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POSTED 27 NOV 2002
 

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picture of a wolf and chimp

Gray wolves (Canis lupus) were once found across much of North America, including the Olympic Peninsula. The subspecies that lived here was most likely nubilus. Populations of similar wolves still live in British Columbia.
National Park Service.

Chimpanzee (below) courtesy National Science Foundation

 

Dinner time
It may not come as news to you. It did not come as news to Buck, Jack London's Arctic sled dog. Certainly not to John Thornton, the man who knew and loved Buck best.

an Arctic wolf
Arctic wolf courtesy of NOAA.

Dogs are experts at finding chow. Under the snow. In the food box. Frozen. Putrefied. Even fresh from the can, for all we know.

DOH!

Where do dogs get this talent? Jack London thought dogs got their nature from wolves, their closest relative. That's why, at the end of the novel, Buck responded to the "Call of the Wild" by going off to lead a wolf pack.

But irony of ironies, wolves apparently can't do something that's second nature to dogs: Use social cues from humans to find the grub.

Sure, a wolf can probably smell as well as any tableside beggar, which is to say, supernaturally well. But if you call attention to a blank container, a wolf won't interpret this critical message as "chow's over here, mate."

A dog will. Even a puppy raised in the barn can do this as well as your fleabitten beagle long accustomed to praying for a miracle before an empty food bowl.

Smack, slurp! How you know?
The news comes from research by Brian Hare, a grad student in anthropology at Harvard University. He and his collaborators wanted to know how well dogs could read human social cues. (You read a social cue, for example, when you talk with someone who's constantly eyeing a watch. Without words, you know you've gotta get to the point).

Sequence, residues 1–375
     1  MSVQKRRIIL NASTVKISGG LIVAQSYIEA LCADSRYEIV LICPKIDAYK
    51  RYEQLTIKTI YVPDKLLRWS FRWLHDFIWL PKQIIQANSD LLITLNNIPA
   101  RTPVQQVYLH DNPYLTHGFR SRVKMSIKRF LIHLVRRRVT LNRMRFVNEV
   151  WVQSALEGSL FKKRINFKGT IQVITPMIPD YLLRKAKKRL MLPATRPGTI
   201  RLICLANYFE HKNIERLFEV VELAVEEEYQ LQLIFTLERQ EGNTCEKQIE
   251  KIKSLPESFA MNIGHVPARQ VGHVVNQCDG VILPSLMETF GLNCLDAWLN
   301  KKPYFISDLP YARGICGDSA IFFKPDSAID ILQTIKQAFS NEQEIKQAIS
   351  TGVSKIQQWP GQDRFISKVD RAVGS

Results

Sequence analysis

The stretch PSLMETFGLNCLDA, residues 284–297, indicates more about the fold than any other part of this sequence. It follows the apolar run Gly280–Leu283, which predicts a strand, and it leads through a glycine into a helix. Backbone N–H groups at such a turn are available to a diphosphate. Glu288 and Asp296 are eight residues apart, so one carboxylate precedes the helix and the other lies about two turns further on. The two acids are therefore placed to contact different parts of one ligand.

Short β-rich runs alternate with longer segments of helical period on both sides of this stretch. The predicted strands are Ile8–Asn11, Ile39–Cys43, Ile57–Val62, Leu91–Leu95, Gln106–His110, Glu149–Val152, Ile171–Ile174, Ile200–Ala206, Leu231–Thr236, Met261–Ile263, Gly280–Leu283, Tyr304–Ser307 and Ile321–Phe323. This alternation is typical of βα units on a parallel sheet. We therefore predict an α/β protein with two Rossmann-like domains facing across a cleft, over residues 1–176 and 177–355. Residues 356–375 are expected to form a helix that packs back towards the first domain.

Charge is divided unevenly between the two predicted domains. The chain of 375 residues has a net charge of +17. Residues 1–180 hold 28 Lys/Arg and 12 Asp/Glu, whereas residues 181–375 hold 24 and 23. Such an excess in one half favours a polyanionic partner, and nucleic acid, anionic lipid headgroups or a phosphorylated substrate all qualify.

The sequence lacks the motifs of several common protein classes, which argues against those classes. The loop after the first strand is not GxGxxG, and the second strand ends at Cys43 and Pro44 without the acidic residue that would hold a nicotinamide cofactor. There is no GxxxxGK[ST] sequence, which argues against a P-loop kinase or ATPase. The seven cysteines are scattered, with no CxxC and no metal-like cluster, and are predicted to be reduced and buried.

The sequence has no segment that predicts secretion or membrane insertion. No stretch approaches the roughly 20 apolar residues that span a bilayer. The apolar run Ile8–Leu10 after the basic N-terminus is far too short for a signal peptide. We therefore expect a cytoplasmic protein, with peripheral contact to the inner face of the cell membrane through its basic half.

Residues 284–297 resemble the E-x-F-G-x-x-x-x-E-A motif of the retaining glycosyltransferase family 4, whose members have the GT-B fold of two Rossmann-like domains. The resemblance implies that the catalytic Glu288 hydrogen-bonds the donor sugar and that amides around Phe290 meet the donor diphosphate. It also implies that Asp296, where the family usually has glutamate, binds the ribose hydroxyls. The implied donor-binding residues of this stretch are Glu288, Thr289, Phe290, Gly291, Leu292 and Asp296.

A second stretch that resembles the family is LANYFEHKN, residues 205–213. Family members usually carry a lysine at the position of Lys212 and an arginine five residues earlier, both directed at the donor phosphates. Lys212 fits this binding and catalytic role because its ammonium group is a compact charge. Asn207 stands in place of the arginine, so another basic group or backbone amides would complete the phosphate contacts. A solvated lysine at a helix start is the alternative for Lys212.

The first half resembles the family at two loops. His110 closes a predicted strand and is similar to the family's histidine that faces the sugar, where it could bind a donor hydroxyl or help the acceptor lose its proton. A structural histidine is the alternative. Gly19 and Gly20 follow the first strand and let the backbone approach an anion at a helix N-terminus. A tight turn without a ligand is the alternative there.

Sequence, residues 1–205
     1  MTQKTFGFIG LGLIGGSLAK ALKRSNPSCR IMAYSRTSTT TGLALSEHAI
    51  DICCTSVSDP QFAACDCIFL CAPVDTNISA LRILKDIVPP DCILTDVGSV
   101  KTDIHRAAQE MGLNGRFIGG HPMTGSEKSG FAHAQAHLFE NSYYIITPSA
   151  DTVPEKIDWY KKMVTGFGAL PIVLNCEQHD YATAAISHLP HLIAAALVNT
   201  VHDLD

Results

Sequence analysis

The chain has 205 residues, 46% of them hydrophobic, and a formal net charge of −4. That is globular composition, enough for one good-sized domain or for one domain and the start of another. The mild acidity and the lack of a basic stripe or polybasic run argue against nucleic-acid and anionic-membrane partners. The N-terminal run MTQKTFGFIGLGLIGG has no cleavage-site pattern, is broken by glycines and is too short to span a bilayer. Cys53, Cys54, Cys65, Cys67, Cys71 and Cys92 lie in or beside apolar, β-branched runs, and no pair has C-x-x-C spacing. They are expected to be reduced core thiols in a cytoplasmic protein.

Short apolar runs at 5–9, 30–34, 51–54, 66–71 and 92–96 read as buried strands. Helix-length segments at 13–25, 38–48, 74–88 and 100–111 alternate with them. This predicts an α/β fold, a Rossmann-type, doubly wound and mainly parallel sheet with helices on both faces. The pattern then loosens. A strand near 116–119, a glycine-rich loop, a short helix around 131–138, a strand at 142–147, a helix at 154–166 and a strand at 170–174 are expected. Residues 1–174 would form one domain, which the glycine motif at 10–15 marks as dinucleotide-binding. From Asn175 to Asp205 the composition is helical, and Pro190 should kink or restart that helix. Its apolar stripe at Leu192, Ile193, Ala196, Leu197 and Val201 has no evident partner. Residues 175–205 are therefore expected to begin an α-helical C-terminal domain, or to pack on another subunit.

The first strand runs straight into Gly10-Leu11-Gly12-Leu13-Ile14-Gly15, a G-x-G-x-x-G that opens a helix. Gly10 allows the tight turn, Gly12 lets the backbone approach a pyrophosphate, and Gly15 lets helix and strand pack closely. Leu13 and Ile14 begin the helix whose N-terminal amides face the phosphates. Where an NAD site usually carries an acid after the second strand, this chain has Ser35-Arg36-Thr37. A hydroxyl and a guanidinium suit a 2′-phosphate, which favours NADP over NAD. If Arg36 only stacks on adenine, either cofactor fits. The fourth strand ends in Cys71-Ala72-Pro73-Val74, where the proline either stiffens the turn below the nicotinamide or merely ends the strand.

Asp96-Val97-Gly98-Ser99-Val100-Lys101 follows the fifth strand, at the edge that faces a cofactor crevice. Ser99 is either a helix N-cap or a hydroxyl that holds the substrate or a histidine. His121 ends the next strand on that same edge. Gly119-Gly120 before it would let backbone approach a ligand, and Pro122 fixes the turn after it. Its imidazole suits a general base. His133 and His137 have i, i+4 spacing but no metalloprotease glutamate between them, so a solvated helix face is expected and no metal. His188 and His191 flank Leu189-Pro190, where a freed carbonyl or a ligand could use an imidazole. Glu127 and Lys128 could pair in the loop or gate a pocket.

Non-human primates, it turns out, are not very adept at reading such cues from humans, and so the conventional wisdom among animal behaviorists was that dogs weren't any better.

Hare, however, had both common sense and a pet dog who could practically read his mind. So he set up an experiment to compare dogs, wolves and primates at a simple task: He put food in one of two containers, then called attention to one by looking at it, touching it, or placing a wooden marker on it.

The mutts were apparently not using scent, because the containers all smelled of dog-slop.

Surprise! Dogs could figure this out, even though the experimenter was a stranger. But wolves and chimpanzees -- our closest relative in the animal world -- were equally poor at reading social cues.

No matter what the signal, dogs outdid wolves and chimps. The fact that dogs found the victuals may seem the ultimate yawner, until you consider that puppies raised with little human contact did as well as seasoned beggars, er, canines. "We were very surprised about the puppies," says Hare, noting that the mature dogs lived in families, and that some even took obedience classes. "They were getting tons of exposure to people, and yet there was no difference in their performance" compared to puppies.

If dogs and puppies outdid wolves and chimps, how come?

"The punch line is that this was not inherited from the last common dog-wolf ancestor, and it does not take tremendous exposure to humans," says Hare.

With the two most obvious explanations lying on the scrap heap of history, where did dogs get this innate ability?

Ivan the dog wants this container! Domestic evolution